Usually, we say, "This library has twice as many books as that one." and "The new usb has twice the storage capacity of the old one."
Then is it possible to say "The number of the books in this library is twice of that one"
or "The storage capacity of the new usb disc is twice as large as the old one"?
I'm not a teacher yet, but I am studying a Bachelor of Education with an English Literature major at Charles Sturt University, in NSW, Australia.
Usually, we say, "This library has twice as many books as that one." and "The new usb has twice the storage capacity of the old one."
Then is it possible to say "The number of the books in this library is twice of that one"
or "The storage capacity of the new usb disc is twice as large as the old one"?
The "usb disc" sentence seems fine to me, but not "The number of the books in this library is twice of that one".
I would say:
"The number of the books in this library is twice the number in that one".
"The number of the books in this library is twice the amount in that one".
"The number of the books in this library is twice what's in that one".
not a teacher
I'm not a teacher yet, but I am studying a Bachelor of Education with an English Literature major at Charles Sturt University, in NSW, Australia.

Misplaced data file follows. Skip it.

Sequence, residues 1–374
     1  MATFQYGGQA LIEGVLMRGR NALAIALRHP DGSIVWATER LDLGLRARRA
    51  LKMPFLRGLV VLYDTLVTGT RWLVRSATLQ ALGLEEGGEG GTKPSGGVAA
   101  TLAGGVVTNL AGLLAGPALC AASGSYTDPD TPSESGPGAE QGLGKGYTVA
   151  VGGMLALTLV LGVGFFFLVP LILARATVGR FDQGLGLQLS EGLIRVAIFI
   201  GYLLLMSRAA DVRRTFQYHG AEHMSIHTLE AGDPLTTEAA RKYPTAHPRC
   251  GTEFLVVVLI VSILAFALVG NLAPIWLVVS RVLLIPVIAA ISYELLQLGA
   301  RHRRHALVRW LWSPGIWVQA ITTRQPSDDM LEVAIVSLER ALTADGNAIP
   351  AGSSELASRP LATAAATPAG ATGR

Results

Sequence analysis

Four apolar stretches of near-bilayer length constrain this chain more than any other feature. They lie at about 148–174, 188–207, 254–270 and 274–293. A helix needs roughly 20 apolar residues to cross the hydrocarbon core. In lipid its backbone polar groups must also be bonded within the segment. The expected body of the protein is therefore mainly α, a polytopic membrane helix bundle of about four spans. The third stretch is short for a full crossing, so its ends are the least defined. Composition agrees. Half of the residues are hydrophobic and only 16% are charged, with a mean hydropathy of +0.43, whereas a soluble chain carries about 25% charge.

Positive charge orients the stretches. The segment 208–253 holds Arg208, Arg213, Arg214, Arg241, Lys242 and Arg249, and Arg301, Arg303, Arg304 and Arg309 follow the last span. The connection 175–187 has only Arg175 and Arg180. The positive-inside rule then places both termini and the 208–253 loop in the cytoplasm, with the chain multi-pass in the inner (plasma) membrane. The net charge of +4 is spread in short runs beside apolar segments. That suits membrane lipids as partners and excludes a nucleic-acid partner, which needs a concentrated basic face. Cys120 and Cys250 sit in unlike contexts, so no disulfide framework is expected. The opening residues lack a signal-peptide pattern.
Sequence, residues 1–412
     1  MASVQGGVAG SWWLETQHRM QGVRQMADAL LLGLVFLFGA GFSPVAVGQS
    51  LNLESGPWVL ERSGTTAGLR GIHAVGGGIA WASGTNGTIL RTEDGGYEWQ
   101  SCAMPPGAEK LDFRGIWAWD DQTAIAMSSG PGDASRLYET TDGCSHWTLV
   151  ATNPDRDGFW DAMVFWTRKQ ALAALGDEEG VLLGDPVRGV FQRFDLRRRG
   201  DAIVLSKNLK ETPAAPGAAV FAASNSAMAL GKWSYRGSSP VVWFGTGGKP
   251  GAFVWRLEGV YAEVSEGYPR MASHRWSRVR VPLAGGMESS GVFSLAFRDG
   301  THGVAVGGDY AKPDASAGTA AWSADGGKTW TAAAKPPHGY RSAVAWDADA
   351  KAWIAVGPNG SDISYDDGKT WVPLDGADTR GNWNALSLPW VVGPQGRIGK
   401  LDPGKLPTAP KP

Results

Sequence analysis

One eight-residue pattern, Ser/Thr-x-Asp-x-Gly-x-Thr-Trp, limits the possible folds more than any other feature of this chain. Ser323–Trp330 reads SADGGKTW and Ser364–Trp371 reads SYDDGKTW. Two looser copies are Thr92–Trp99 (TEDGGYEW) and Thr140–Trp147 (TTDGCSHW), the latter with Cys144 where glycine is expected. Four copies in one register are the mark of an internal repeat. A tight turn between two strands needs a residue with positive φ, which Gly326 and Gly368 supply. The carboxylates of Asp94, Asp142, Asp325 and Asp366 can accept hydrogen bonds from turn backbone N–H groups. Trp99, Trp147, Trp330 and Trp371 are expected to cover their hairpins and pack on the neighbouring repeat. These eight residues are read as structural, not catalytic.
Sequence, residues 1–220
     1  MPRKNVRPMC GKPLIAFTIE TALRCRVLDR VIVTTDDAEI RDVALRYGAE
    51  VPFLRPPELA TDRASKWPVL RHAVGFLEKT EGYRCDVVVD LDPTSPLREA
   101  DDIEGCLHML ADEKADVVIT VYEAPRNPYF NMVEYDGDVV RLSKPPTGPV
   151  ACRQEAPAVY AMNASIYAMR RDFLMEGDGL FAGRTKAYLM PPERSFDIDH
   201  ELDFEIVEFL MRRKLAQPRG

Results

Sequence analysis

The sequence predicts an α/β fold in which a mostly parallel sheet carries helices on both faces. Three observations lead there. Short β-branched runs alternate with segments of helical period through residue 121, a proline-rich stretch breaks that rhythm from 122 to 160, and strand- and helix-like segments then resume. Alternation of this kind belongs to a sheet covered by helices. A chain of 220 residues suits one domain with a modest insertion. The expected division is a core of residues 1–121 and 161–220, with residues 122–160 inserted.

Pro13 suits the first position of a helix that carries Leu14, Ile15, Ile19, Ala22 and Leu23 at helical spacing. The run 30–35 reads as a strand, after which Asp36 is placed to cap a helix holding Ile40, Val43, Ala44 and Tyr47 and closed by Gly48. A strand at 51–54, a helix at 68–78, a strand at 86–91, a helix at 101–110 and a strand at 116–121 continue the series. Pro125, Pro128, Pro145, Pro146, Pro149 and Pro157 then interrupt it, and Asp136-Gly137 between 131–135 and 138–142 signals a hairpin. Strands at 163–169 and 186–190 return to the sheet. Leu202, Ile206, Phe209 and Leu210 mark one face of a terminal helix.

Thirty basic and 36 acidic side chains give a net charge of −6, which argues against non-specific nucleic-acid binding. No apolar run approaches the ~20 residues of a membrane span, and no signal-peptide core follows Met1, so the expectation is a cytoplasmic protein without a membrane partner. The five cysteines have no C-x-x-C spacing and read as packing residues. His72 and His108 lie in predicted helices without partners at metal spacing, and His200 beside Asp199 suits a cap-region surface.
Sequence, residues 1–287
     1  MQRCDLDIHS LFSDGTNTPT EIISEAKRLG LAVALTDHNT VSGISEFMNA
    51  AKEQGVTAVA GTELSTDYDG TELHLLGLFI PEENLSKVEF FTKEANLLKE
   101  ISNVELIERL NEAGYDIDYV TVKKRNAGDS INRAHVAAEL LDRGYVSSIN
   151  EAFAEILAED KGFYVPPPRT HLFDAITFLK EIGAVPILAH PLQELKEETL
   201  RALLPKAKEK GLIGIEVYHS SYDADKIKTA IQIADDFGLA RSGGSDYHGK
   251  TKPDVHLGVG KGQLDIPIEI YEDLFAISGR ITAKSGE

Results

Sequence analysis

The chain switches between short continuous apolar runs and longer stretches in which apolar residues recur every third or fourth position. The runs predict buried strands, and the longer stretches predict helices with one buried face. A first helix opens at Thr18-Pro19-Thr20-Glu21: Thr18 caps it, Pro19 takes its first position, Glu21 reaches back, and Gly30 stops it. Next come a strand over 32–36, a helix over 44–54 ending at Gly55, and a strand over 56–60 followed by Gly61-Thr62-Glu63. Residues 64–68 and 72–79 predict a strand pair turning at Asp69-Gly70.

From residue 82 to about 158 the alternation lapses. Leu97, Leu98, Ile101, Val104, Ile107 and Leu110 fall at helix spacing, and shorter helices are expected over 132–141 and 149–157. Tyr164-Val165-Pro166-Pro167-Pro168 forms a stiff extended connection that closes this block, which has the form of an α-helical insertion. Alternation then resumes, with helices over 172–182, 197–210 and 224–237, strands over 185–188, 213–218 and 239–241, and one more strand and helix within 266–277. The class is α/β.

The number of books in this library is twice that of the old one.
The storage capacity if this USB is twice that of my previous one.
Remember - if you don't use correct capitalisation, punctuation and spacing, anything you write will be incorrect.
Those sentences add further context that could be incorrect.
By saying 'old one' you are implying the one you're talking about is a new one, not just a different library.
The same as with the USB. By saying 'of my previous one' you are implying he already had one. He could be comparing two USBs in the store?
I'm not a teacher yet, but I am studying a Bachelor of Education with an English Literature major at Charles Sturt University, in NSW, Australia.
Fine.
The number of books in this library is twice that of/in that one.
The storage capacity of this USB drive is twice that of that one.
No matter how you start or end the sentence "twice that" is still correct.
Remember - if you don't use correct capitalisation, punctuation and spacing, anything you write will be incorrect.
"The number of books in this library is twice the number of that one."
This is a very poor sentence. It's unclear and unnatural.
Thank you all so much for the help. I'll take emsr2d2's suggestion and use "twice that of..."
I'm not a teacher, but I write for a living. Please don't ask me about 2nd conditionals, but I'm a safe bet for what reads well in (American) English.